Mary Kay VanDriel: Health matters: Gender differences with stroke

By Mary Kay VanDriel, R. N.
A stroke is a serious situation. You’ve probably seen the public health campaign about the FAST signs of stroke:

  • Facial droop is evident when you ask the person to smile.
  • Arm drifts downward when you ask the person to raise their arm.
  • Speech is slurred and the person struggles to repeat a phrase.
  • Time is critical to get them to care. If you can get to the emergency department within three hours of the onset of symptoms, we can administer a clot-busting medication.

There is an excellent video on YouTube called “Jill Bolte Taylor’s Stroke of InSight” that describes in vivid detail what it’s like to experience a stroke.  Bolte Taylor, a neuroanatomist, had a stroke one morning, and retells the story in a powerful way. After I watched the video, I understood why patients can’t call for help. Dr. Bolte Taylor describes having a nirvana-type feeling and vaguely knowing she needed help, but at the same time being completely unable to communicate what was happening.

While the general signs of stroke are universal, there can be some differences between symptoms in women and men. Women typically have a loss of balance and coordination when experiencing a stroke. They also tend to experience confusion and unconsciousness. Women will have more nausea, heart attack-like symptoms and severe headaches than men.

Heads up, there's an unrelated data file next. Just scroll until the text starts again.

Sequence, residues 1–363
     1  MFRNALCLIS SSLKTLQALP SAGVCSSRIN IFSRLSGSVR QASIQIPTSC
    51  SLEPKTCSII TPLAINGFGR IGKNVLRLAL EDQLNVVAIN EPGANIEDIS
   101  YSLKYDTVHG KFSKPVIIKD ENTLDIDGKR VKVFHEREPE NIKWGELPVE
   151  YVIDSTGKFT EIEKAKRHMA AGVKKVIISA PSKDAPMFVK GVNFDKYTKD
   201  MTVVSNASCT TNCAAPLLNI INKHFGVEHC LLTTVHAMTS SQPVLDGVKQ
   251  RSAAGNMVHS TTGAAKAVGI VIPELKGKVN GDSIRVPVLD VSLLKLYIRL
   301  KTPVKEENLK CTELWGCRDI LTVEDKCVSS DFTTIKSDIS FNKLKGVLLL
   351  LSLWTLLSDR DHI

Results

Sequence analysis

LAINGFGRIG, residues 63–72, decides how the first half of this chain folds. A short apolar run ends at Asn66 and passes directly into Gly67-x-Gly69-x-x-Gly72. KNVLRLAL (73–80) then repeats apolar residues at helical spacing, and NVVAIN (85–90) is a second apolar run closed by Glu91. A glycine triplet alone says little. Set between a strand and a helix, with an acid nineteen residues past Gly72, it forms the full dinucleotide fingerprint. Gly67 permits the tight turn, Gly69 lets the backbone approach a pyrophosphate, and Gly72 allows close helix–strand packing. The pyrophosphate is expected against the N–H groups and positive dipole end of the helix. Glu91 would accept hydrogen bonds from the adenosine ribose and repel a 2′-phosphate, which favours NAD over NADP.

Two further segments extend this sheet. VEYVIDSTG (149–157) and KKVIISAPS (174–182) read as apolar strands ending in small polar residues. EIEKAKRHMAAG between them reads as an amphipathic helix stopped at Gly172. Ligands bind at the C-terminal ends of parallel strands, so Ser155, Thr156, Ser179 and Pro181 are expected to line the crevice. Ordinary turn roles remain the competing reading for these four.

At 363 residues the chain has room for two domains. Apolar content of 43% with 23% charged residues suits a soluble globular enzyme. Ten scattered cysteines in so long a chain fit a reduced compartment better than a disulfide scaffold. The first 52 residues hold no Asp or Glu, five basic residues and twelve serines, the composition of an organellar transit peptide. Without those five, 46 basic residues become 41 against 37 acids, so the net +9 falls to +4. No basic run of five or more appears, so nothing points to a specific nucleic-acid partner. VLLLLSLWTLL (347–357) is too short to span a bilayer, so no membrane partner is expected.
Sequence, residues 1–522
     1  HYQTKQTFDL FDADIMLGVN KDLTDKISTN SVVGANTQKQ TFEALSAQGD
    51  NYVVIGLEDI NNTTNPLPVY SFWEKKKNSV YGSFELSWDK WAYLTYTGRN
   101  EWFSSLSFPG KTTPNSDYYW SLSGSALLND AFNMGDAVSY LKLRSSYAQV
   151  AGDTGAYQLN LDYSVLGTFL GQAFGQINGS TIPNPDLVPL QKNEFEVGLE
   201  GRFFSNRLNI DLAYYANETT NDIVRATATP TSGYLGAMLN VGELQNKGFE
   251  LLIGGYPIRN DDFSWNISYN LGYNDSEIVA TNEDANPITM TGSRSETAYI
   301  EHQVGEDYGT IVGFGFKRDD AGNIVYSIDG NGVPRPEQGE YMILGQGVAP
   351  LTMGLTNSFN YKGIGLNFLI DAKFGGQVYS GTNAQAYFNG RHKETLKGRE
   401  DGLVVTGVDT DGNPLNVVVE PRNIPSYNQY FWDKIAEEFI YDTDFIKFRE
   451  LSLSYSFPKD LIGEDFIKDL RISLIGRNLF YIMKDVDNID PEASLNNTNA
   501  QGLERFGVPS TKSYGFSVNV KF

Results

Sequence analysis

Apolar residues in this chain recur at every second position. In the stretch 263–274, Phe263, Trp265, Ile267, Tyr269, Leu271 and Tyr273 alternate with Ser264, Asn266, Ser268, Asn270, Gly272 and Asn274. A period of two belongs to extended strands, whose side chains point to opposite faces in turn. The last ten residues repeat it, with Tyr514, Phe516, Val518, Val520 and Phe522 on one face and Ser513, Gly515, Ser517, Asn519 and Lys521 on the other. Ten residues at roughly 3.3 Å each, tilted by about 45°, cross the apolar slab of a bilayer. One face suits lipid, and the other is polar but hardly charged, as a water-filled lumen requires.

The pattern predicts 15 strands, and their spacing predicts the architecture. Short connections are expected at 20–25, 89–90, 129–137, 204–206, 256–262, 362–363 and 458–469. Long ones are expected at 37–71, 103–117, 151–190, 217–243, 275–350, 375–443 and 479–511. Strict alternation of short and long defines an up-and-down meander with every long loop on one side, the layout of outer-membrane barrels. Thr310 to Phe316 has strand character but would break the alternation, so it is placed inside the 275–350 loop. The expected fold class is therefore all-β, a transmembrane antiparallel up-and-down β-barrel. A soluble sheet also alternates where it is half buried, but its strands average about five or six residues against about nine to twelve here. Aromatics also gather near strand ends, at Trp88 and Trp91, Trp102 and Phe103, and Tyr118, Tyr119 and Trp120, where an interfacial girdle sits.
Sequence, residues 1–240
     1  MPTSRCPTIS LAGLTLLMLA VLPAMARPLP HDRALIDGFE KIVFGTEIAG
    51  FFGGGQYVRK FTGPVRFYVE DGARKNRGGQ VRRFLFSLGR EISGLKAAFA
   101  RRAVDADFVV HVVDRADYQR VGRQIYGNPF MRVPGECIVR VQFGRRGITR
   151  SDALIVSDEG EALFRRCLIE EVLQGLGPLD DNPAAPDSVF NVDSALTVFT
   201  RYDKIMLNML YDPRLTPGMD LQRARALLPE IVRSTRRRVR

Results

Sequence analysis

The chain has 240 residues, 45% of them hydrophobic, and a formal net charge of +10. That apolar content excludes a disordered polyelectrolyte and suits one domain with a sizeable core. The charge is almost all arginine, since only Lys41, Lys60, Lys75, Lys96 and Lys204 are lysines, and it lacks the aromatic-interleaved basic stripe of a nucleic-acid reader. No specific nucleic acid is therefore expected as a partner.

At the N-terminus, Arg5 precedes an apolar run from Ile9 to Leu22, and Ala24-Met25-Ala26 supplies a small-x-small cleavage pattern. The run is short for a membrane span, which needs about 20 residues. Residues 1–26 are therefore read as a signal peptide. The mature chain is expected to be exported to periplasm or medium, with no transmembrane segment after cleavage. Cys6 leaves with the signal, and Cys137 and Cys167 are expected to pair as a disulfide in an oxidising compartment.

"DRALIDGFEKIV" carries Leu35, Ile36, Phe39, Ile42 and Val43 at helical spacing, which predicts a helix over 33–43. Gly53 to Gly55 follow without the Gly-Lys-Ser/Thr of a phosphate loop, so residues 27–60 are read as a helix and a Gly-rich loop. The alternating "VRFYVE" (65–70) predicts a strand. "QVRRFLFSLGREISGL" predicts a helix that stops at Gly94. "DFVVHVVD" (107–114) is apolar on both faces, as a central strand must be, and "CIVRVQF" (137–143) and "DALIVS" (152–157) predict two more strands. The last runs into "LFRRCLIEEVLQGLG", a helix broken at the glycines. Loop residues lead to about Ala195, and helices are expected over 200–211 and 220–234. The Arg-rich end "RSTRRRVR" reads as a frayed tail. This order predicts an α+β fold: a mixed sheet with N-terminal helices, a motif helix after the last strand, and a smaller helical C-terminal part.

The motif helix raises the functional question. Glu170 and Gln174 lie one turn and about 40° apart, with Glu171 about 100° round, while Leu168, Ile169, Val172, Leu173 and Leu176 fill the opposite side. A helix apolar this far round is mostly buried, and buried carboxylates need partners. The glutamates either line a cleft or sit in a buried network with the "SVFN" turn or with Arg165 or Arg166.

Men typically have atherosclerotic strokes, which is basically plaque building up inside the arteries. Women have more cardio embolic strokes, which is a clot formed from debris in the cardiac area.

Women have an additional risk for stroke due to birth control pill use, pregnancy, hormone replacement therapy and migraines.

While all the things mentioned above can help with diagnosing a stroke, the best thing you can do is prevent a stroke. One of the best ways is to keep a close watch on your blood pressure.

I was checking blood pressures after a church service one day as part of a community outreach program, and a fella in his 30s came over to my station. When I checked his blood pressure, it was above 180/100, which is drastically high, so I rechecked it three times. After the third time, I shared with him my concern and offered to call him an ambulance.

He leaned over and whispered, “See that couple over there with my wife? Those are my in-laws. They have been here for a week and they are going home today. I know my blood pressure will come down once they leave.”

There are many reasons for an elevated blood pressure, including a visit from the in-laws. Know your numbers and take steps today to keep it around 120/80 to reduce your risk of stroke.

Mary Kay VanDriel is a Registered Nurse who serves as the president of Spectrum Health Big Rapids and Reed City Hospitals. Look for her column to improve your health the last Saturday of each month. If you have suggestions for column topics, email Sarah.Neubecker@spectrumhealth.org.

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